Any drapery book will have instructions for measuring, but basically you need the full length of your curtain from rod to floor, plus eight inches for the hem, plus about four inches for the heading (depending on heading type), and most curtains that you plan to actually close should (as opposed to stationary decorative panels) have 2 1/2 times fullness. This means that your fabric, when laid flat, is 2 1/2 times the width of the opening it needs to cover.

Here's the fabric as I'm getting used to it. Feels a bit skimpy.

2. Do not hang your fabric up "just to see how it looks"--for weeks, or even months, at a time (see photo above!)
Again, perhaps obvious. But sometimes I need to live with something for a while before fully committing. (Which is funny because I almost always commit in the end. You'd think I could skip those extra steps.) Anyway, as I learned, leaving the fabric unceremoniously hung by clips or pins can warp the fabric. My project included two panels, each with two widths of fabric. The panel made from the original silk, which had been hanging up while I mulled it over, was much more difficult to deal with than the fresh silk. The side hems were almost the end of me because of the uneven pulling and the near impossibility of pressing an even hem.

3. Measure before you start
I went ahead and assumed that the people at the fabric store had measured correctly. Turns out one persons 6 yards can be another person's 6 1/4, and that's a mighty big difference. Because, well, sewing is precise. Following directions, I went ahead and put in hems first, then side seams, THEN measured from hem to top to make sure my two panels were of equal length. Guess what? Not only were they NOT of equal length, but one of them was TOO SHORT, leaving me with a couple of bad options: lower the curtain rod or take out the hem and redo it with a much smaller allowance. It would have been more pleasant to make an informed decision in the beginning than to rip out 7 feet of seams from silk. Also, I could have gone back to the store to complain that I had not gotten the right yardage.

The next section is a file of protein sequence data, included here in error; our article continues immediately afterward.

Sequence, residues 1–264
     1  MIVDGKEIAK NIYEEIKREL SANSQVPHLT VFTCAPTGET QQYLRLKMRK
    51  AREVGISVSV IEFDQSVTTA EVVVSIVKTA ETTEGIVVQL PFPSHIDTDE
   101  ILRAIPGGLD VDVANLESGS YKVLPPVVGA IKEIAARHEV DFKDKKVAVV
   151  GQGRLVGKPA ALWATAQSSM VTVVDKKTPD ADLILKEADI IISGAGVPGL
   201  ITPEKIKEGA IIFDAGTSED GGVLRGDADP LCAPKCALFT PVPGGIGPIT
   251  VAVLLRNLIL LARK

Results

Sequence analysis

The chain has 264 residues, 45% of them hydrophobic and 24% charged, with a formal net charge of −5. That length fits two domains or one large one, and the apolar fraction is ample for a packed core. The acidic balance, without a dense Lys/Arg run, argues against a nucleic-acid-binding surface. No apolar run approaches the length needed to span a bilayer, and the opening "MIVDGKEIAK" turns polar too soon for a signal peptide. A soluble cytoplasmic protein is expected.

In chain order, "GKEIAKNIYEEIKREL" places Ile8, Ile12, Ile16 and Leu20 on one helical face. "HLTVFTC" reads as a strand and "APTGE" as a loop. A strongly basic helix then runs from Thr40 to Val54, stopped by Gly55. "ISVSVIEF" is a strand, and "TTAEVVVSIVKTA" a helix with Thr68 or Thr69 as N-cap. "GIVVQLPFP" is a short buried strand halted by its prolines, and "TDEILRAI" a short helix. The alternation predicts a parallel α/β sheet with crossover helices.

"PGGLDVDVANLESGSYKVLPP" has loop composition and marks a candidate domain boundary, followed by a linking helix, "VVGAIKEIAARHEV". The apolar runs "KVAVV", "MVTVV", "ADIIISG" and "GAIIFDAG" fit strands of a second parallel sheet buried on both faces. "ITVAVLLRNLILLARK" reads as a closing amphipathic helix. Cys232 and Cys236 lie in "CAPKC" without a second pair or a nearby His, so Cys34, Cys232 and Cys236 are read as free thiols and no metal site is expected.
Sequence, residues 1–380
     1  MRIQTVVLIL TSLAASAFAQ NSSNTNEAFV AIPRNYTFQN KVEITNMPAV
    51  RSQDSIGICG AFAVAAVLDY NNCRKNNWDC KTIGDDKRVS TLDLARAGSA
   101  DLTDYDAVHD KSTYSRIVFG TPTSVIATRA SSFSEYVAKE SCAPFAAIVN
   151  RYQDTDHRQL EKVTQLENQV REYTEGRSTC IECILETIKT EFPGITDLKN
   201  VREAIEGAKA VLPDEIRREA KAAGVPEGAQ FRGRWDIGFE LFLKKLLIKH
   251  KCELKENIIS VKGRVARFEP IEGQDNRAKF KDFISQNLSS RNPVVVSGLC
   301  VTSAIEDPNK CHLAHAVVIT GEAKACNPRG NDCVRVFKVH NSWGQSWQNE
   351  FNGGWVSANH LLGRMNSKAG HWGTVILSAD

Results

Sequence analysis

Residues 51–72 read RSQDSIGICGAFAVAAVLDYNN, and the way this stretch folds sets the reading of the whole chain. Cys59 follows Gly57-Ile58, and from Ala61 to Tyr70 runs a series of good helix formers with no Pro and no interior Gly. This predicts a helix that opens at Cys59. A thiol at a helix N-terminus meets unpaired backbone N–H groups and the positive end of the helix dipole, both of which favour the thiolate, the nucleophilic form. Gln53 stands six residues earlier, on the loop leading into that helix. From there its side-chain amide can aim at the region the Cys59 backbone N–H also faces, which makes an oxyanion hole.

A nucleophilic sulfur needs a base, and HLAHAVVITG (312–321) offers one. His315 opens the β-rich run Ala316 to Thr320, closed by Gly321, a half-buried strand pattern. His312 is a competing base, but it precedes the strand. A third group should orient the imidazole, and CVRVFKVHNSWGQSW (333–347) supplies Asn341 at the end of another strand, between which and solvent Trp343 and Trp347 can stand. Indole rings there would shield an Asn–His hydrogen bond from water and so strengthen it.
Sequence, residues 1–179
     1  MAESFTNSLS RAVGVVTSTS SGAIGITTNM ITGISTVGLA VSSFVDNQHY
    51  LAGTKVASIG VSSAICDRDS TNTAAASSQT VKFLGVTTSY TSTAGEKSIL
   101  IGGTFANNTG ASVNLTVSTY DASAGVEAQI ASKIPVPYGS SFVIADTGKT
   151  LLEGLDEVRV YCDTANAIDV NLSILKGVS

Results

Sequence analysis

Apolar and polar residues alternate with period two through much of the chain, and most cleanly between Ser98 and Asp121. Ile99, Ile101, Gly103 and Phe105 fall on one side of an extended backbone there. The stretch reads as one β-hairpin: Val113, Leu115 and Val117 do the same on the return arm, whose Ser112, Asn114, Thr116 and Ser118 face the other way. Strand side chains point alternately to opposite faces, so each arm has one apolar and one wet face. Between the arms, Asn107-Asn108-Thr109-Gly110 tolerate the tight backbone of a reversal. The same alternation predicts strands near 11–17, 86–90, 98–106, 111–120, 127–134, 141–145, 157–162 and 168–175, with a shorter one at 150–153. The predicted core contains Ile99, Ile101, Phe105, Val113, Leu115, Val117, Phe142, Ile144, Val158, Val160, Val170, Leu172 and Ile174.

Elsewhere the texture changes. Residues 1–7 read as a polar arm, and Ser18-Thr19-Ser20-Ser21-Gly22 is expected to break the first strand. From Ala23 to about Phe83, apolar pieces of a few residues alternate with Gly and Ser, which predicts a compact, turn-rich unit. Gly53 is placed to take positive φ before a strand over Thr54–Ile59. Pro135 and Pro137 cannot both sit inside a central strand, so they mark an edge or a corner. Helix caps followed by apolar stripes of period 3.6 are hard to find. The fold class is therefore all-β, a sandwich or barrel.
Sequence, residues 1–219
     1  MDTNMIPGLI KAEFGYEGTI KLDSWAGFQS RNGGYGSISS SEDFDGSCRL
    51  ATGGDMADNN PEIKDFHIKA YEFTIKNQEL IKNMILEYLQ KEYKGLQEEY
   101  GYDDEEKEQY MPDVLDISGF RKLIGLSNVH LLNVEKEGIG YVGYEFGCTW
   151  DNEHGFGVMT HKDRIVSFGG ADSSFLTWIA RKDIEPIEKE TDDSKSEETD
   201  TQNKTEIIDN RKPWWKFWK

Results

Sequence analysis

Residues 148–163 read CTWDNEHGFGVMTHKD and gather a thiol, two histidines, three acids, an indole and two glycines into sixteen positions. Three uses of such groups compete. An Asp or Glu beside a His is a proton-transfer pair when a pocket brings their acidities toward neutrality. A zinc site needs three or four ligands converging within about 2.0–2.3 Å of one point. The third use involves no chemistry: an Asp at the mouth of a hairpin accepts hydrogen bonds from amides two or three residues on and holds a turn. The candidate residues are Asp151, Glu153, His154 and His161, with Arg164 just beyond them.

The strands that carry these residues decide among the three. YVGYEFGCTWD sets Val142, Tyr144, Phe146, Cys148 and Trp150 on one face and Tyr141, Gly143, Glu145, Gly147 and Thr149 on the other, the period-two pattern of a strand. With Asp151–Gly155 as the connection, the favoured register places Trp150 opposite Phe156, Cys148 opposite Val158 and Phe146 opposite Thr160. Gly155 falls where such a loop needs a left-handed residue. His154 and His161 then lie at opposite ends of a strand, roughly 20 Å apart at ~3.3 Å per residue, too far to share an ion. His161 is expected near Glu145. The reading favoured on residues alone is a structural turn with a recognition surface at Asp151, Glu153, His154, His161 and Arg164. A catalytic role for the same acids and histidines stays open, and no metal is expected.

4. Square your fabric
Another step I skipped, and regretted skipping. Okay, I didn't skip it, but on the first panel I half assed it. Here's the thing: you can't eyeball square. It's simply not possible. Do it properly from the beginning.

5. Trim the selveges
Selveges are those woven edges that basically keep the fabric from unraveling. I'm always thought they were kind of useful in keeping things in line, but in this project I discovered that, with delicate fabrics in particular, the selveges may again pull in an uneven way. Trimming them just before you pin and sew a seam makes the pinning and sewing much smoother--literally.

Looking at this list, I'm not sure there's much I did RIGHT. Also, I realize in hindsight that 9 foot, double width curtains in silk is perhaps not the place to start when learning to pinch pleat, but remember? I'm the one who learns the hard way. (If only I could learn that lesson--not to learn things the hard way.) The good news is I applied some of these lessons to my other curtain projects for the house, and the curtains for the girls room came together quickly and beautifully.

Here's the other thing: there are NO instructional videos out there for "tiny soft pinch pleats," "fan pleats," or "parisian/french pleats." My drapery book just said to proceed as for pinch-pleats, only pinch the fabric at the very top. So I took that for what it was worth, and ended up with this.

Happily, I am loving the results, and feeling very proud of my handiwork. I think I got the effect I was going for.

Even if one panel has a proper 4 inch hem and the other is more like an inch. Even if I did the pinch pleating a couple of days apart and didn't write down what I did the first time, leaving me with a more free-form pleat on the second curtain. You know what? No one sees that but me. And any of you, now, if you come to my house.